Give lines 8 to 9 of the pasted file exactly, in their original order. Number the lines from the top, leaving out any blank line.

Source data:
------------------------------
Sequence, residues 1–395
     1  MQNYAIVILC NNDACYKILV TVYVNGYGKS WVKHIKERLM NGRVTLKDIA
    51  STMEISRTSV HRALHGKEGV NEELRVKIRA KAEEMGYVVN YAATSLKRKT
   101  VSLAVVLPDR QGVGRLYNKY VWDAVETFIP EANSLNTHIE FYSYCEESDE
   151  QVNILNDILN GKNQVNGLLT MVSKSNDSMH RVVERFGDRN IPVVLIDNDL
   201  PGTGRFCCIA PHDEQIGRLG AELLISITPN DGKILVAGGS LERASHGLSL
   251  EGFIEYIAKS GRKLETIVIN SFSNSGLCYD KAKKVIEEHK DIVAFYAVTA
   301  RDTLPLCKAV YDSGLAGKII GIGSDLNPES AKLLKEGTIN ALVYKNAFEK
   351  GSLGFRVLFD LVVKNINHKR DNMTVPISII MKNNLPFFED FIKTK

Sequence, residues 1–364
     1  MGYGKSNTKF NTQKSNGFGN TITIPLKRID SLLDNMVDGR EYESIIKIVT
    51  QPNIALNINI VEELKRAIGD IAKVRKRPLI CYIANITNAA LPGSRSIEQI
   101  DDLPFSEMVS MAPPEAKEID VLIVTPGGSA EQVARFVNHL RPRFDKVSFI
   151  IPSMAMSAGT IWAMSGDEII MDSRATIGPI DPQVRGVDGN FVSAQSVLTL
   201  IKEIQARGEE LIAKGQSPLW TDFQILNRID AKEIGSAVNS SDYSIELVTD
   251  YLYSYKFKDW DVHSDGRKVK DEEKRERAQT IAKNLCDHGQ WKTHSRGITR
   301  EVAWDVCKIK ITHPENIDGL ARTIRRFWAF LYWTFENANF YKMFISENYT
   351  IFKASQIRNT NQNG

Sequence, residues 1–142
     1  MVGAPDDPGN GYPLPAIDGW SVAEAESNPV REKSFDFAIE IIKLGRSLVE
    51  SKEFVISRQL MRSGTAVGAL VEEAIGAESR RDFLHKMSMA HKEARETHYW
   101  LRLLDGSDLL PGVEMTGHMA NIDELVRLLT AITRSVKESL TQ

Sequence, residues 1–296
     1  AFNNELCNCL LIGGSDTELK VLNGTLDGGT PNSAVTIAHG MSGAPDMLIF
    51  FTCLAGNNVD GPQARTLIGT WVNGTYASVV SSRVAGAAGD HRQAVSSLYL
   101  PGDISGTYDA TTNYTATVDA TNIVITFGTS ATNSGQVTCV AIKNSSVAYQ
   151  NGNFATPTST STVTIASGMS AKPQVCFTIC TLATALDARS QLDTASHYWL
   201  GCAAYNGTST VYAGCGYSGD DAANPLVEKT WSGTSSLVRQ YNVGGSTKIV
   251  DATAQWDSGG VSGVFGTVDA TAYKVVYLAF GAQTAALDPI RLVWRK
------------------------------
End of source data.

   301  RDTLPLCKAV YDSGLAGKII GIGSDLNPES AKLLKEGTIN ALVYKNAFEK
   351  GSLGFRVLFD LVVKNINHKR DNMTVPISII MKNNLPFFED FIKTK